In Detail - FIFA's 2018 World Cup Kit Rules Are Immense

Did you know that manufacturers of football kits must adhere to a 104-page FIFA's Equipment Regulation guide when designing kits for competitions such as the World Cup? We take detailed look at FIFA's very strict kit regulations, revealing that manufactures were anything but free when designing their jerseys for the 2018 World Cup (FIFA requires manufacturers to submit all designs one year in advance).

FIFA's document describes the propose of their kit regulations: "The overriding principle of the FIFA Equipment Regulations is to treat all Member Associations on an equal basis in the spirit of fair play and to allow manufacturers to enhance our sport, fostering medical protection and performance support as well as aesthetic creativity and design."

In Detail - FIFA Equipment Regulations




The first sections of the FIFA Equipment Regulations are uninteresting in terms of kit designs but already give an impression how detailed everything is defined. They provide definitions of important terms and words used in the following pages while stating that the kit rules apply for all federations equally.


No kit may consist of more than four colorsThe first important chapter in terms of football kit designs describes the principle of colors, which defines that each county needs contrasting home and away shirts following the principle of light and dark shirts. It is also defined that checkered and stripes shirts have to use two colors equally.



It is important to know that FIFA's pictures only include the 'basic rules', while the text includes much more clear (stricter) regulations (e.g. no Playing Equipment item worn by an outfield player or goalkeeper may consist of more than four colors).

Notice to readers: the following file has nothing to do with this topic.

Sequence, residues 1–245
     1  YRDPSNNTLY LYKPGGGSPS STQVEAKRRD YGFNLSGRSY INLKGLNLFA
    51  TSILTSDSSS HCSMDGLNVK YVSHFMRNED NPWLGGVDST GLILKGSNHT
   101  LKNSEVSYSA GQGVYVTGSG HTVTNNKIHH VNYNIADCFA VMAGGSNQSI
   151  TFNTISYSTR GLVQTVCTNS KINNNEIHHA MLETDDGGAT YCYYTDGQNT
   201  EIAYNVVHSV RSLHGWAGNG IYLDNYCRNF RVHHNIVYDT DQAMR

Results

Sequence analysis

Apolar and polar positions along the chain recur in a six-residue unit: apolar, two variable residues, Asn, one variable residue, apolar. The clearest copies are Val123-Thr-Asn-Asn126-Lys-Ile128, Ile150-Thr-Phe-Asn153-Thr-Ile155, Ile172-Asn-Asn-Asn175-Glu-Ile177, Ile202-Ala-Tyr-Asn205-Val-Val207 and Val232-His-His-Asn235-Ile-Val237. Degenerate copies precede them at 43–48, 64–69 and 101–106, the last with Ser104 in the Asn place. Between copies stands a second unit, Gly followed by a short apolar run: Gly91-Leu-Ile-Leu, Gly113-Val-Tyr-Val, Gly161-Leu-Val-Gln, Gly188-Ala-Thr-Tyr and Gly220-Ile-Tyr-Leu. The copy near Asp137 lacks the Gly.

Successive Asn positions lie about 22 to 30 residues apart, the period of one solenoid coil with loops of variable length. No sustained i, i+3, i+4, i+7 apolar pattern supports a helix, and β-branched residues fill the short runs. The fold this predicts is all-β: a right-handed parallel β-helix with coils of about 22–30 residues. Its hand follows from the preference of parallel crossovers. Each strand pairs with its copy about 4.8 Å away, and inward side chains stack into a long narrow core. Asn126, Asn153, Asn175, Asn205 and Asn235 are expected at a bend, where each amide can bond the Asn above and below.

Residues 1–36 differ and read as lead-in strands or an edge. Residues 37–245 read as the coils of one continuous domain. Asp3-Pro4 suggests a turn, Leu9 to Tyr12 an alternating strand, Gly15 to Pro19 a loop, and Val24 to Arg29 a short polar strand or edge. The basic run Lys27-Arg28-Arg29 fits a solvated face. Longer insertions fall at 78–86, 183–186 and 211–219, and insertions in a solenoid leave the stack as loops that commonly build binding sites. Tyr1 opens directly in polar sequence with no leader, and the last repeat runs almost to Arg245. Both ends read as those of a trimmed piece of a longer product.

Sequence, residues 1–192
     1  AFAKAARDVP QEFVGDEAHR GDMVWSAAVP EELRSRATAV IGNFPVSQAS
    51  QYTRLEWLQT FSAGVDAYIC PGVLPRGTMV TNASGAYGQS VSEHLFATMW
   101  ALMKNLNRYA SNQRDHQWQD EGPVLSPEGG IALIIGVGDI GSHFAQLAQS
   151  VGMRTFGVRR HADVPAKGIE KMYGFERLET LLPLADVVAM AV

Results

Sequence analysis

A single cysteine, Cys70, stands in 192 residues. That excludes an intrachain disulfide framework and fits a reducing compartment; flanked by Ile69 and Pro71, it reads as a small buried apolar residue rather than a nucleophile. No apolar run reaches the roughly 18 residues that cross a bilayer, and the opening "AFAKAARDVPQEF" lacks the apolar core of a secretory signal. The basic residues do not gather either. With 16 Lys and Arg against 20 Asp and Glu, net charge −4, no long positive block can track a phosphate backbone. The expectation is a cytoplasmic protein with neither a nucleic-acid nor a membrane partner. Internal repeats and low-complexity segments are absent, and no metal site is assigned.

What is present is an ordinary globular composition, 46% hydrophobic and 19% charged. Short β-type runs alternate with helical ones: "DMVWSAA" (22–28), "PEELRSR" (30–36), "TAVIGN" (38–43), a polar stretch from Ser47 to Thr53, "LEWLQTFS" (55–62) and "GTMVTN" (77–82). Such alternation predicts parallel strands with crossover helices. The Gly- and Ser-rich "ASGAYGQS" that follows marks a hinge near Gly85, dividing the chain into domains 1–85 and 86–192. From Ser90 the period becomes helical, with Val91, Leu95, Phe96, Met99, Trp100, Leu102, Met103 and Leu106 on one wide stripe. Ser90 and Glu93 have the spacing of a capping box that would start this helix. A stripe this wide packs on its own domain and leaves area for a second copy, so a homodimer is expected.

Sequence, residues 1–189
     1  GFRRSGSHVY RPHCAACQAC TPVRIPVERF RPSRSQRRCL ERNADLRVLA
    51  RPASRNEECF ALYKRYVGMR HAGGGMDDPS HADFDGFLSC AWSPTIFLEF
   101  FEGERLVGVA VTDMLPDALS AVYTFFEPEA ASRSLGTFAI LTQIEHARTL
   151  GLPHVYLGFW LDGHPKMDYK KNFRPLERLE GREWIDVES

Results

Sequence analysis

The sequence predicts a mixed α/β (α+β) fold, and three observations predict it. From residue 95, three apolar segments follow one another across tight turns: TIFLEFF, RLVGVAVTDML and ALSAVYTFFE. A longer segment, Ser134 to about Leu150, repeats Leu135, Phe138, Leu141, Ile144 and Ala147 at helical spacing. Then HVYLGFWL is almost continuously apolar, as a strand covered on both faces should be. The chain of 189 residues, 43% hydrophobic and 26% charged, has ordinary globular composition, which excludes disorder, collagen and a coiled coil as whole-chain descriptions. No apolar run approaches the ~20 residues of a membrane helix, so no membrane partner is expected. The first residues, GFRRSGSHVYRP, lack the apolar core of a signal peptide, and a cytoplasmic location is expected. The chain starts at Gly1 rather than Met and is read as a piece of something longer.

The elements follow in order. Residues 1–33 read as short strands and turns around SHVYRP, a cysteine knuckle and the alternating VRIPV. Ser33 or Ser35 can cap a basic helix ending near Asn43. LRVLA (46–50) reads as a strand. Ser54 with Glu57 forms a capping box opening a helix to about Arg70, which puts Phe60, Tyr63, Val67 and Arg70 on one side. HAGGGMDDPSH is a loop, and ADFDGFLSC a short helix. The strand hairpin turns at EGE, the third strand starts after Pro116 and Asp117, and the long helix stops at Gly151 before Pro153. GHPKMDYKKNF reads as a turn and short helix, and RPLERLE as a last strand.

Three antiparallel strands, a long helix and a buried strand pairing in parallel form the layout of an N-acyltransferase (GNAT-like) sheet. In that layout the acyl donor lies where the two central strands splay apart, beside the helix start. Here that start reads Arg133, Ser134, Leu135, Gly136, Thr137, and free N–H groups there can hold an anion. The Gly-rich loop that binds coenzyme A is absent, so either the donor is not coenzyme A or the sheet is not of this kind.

In fact, every element that finds it way on a kit is defined in FIFA's Equipment Regulations - we have included some images to show it off.


Unfortunately for companies such as Nike, which prides itself on iridescent or chrome numbers, equipment may not be made of reflective material or change color or appearance due to lighting or water and must be distinguishable from the rest of the kit. If a number were to clash with the rest of the uniform, a squared number zone would be created on the front and back of the shirt.


FIFA's kit regulations prohibited Adidas to make 'real remakes' of their gigantic Three Stripes 1990s designs for the 2018 World Cup

In addition, no player with temporary means, such as Velcro, will be allowed in the competition.



Like member identification logos, manufacturer logos are also strict regulated. The manufacturer may place its name/wordmark and logo on any equipment item it so chooses, but are only permitted to use it three times throughout the kit.


FIFA's Equipment Regulations do not only include football uniforms but all parts a player is allowed / able to wear such as undershirts, caps and gloves.



Feel free to check out FIFA's Equipment Regulations in full and share your thoughts on them in the comments below.